June 26th, 2012 at 1:59 pm

What I have decided for Ibtlfmm it does not use this kind of superkinds (and Constraint is named & while @ is used for program modules, although you can give them alphabetic names if you want using kind synonyms), rather I would think (,) and () and so on are macros that decide the corresponding types according to what fits. There could also be “kind classes” to rebind the syntax, although I prefer using macros. But yes () should be a constraint too. I do not think making up the new superkiind for this purpose is such a good idea (including for the reasons you have described).

March 19th, 2014 at 2:57 pm

Lovely! Have you thought about a coproduct for constraint entailment? Is there anything like disjunctive constraints?

November 20th, 2014 at 12:48 am

[...] don’t have values, but we won’t concern ourselves with them. If you are interested, see constraintkinds, datakinds, and unboxedtypes [...]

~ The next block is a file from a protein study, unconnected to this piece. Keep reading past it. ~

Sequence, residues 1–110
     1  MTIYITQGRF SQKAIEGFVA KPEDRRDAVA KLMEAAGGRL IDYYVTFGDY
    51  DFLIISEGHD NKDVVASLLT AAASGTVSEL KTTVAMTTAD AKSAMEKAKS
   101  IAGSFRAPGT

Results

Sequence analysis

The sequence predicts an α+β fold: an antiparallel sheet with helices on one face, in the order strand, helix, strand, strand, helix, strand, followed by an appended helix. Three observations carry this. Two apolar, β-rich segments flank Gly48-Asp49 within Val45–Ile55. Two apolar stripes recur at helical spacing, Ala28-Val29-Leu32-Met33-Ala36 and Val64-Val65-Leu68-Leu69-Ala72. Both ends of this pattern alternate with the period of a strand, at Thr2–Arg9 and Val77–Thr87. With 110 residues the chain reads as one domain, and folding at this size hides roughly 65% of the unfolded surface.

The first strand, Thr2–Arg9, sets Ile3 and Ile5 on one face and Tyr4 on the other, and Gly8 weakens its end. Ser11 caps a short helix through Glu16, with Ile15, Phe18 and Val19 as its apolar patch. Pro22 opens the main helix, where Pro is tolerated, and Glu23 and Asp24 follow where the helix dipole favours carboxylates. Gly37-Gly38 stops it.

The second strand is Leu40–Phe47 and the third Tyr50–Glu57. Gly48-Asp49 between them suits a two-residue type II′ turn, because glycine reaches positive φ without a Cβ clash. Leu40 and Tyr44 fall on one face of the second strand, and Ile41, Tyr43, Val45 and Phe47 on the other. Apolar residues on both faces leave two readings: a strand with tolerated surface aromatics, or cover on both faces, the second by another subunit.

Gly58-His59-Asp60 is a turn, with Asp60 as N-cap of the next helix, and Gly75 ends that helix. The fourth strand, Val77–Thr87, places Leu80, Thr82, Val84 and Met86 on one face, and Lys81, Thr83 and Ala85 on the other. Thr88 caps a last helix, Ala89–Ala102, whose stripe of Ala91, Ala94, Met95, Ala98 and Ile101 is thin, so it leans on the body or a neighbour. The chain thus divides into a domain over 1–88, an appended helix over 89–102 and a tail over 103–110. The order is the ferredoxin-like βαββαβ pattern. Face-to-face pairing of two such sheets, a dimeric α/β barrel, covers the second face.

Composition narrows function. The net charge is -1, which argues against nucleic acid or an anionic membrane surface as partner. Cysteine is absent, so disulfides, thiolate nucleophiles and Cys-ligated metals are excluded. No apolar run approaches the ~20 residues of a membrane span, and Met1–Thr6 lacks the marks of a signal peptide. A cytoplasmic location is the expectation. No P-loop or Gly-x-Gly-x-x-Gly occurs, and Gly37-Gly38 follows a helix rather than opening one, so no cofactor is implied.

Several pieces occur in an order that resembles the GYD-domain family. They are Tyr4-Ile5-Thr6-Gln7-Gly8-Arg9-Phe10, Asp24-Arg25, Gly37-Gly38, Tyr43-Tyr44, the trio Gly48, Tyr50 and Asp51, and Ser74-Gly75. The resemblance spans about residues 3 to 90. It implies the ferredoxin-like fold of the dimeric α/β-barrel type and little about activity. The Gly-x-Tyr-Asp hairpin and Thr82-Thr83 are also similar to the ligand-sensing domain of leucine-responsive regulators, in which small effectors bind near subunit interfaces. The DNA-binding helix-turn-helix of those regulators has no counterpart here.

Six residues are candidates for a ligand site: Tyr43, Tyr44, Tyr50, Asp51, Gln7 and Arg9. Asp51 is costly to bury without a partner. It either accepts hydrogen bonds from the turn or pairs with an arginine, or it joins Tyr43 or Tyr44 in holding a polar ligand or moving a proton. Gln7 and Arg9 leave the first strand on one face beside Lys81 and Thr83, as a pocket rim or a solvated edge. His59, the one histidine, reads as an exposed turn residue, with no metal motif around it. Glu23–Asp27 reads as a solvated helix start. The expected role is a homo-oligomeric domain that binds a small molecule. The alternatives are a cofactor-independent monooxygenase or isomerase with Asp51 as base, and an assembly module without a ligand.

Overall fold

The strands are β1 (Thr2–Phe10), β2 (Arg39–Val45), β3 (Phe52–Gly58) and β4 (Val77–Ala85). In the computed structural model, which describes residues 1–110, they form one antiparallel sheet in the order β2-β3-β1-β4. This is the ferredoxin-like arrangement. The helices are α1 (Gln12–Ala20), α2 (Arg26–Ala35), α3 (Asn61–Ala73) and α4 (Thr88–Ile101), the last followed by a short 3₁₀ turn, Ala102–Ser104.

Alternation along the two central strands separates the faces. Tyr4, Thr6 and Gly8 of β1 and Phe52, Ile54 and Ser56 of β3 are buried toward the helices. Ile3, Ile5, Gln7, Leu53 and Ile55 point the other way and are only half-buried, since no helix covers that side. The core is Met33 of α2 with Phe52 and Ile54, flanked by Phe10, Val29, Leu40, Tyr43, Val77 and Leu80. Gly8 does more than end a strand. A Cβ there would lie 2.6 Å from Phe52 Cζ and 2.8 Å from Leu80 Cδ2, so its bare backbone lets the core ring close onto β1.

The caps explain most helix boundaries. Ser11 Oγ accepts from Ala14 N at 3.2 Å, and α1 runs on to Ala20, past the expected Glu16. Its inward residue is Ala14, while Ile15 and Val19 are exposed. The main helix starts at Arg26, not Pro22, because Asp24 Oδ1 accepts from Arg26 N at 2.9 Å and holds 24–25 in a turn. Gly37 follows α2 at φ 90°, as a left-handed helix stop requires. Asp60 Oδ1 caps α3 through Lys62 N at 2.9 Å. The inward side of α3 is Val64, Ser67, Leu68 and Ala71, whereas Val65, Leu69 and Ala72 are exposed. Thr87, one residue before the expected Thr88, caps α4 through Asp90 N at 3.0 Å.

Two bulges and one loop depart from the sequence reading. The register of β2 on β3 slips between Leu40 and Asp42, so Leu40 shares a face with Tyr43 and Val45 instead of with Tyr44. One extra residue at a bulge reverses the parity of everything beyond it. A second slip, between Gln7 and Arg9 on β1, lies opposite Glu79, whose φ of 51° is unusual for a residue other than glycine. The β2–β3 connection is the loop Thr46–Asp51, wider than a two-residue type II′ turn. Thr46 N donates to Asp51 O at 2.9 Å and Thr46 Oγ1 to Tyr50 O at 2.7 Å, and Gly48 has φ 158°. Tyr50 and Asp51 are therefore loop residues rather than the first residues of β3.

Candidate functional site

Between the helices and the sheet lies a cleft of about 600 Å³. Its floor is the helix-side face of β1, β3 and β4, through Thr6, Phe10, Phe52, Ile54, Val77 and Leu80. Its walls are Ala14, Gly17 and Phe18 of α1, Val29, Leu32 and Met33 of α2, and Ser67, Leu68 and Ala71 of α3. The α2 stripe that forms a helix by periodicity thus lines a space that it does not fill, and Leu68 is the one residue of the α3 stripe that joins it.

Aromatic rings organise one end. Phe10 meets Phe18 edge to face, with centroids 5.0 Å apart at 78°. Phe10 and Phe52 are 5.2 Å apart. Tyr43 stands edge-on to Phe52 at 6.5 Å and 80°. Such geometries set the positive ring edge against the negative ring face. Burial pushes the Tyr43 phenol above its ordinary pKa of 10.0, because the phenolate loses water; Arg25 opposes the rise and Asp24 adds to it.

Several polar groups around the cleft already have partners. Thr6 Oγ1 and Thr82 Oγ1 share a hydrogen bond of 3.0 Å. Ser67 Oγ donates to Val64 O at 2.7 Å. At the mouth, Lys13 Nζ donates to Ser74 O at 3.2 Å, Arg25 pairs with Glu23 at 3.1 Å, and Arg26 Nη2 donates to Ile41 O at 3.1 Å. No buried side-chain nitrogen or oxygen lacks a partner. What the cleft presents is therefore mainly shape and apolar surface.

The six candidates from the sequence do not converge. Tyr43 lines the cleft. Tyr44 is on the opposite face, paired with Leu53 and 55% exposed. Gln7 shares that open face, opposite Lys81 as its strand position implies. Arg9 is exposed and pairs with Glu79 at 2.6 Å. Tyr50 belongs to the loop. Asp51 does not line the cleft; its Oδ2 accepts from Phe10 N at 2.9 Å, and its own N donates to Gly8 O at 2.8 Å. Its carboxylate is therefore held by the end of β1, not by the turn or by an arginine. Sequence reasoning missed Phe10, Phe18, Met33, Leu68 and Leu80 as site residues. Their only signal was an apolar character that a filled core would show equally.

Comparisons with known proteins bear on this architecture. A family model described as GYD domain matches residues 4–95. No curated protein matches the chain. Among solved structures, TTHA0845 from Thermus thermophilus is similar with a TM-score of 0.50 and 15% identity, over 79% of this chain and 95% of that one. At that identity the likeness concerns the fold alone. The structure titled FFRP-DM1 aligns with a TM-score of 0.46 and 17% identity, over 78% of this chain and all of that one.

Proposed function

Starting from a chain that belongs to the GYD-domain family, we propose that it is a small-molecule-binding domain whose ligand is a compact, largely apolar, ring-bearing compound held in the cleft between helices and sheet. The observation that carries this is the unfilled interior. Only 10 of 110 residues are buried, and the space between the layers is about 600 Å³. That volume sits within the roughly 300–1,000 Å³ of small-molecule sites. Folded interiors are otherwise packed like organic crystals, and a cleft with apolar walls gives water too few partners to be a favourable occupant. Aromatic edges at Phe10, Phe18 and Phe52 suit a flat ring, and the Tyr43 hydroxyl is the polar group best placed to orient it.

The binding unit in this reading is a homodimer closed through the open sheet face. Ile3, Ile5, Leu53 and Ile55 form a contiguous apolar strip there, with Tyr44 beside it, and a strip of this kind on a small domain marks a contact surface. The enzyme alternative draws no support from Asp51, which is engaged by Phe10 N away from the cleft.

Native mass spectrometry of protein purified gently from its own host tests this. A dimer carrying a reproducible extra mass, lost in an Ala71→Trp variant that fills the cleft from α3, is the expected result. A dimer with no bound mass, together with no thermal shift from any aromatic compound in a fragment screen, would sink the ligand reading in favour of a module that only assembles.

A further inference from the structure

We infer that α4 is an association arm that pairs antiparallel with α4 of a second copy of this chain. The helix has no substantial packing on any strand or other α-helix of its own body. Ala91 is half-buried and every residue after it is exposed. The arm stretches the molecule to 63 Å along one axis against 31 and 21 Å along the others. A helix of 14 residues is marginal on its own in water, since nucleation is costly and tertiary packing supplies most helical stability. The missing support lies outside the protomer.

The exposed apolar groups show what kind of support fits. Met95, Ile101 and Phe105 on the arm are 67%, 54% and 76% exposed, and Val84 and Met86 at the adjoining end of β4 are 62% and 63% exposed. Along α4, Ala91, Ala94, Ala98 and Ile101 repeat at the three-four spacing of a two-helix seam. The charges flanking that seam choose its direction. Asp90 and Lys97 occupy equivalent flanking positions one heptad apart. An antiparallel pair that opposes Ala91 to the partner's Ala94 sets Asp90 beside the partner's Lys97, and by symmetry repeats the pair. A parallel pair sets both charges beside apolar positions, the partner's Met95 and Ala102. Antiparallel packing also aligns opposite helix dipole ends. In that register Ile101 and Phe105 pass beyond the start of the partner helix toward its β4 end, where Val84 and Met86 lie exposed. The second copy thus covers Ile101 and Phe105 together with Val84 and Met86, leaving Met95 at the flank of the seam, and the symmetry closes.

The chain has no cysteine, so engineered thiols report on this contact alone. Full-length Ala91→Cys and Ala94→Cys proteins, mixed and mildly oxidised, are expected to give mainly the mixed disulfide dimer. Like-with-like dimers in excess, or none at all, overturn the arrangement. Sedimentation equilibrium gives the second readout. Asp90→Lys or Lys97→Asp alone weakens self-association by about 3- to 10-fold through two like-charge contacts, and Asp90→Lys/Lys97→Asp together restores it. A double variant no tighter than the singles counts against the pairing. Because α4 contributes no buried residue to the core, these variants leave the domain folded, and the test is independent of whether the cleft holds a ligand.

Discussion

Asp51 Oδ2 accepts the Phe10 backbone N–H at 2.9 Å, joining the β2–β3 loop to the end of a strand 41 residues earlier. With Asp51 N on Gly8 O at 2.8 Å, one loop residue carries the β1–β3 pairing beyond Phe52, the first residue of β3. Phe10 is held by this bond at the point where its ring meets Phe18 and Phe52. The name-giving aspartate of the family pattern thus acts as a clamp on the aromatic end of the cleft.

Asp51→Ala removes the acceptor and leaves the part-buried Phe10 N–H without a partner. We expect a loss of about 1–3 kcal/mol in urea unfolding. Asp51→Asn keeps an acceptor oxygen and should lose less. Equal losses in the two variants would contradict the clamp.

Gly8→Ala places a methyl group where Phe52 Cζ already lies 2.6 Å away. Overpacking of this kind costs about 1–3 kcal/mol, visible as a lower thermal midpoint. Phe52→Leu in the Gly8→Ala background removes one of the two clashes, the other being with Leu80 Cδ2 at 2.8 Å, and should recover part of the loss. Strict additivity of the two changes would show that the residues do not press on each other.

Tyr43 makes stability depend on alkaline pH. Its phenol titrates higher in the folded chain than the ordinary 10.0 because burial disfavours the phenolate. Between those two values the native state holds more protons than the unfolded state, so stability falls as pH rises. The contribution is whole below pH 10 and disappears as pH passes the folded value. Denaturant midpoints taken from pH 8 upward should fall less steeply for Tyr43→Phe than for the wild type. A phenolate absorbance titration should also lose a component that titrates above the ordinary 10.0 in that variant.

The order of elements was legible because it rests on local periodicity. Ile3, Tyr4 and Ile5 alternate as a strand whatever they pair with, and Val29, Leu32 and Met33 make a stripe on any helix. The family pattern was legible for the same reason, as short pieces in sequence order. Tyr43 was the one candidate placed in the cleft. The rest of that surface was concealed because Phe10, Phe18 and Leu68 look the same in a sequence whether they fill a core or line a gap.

September 2nd, 2017 at 9:01 pm

Conal: The category of constraints has coproducts, or at least, they are admissable, even if not expressed in Haskell today, but they are more like a greatest lower bound than the disjunction you are looking for.

(p \/ q) :- r given p :- r and q :- r

But because of the thinness of the category, the ‘r’ dictionary that results will be the same result given either path.

e.g. (Ord [a]\/ Eq a) :- Eq [[[a]]]

would let you produce Eq [[[a]]] given either Eq a or an Ord [a]

Giving you the ability to do true general ‘Either’ constraints would compromise the thinness of the category and the safety of global instance resolution. (Mind you, incoherent instances also do that.)